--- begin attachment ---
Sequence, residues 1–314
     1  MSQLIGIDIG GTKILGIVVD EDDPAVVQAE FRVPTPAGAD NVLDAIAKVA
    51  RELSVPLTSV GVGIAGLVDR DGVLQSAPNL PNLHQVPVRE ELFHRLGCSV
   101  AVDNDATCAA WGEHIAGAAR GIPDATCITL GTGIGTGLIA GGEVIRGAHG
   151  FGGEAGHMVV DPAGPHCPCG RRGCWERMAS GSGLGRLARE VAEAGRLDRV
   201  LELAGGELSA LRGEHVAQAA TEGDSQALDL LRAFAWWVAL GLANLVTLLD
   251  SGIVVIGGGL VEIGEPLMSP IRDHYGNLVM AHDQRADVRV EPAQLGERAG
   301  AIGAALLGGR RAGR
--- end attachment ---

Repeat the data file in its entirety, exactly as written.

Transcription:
Sequence, residues 1–314
     1  MSQLIGIDIG GTKILGIVVD EDDPAVVQAE FRVPTPAGAD NVLDAIAKVA
    51  RELSVPLTSV GVGIAGLVDR DGVLQSAPNL PNLHQVPVRE ELFHRLGCSV
   101  AVDNDATCAA WGEHIAGAAR GIPDATCITL GTGIGTGLIA GGEVIRGAHG
   151  FGGEAGHMVV DPAGPHCPCG RRGCWERMAS GSGLGRLARE VAEAGRLDRV
   201  LELAGGELSA LRGEHVAQAA TEGDSQALDL LRAFAWWVAL GLANLVTLLD
   251  SGIVVIGGGL VEIGEPLMSP IRDHYGNLVM AHDQRADVRV EPAQLGERAG
   301  AIGAALLGGR RAGR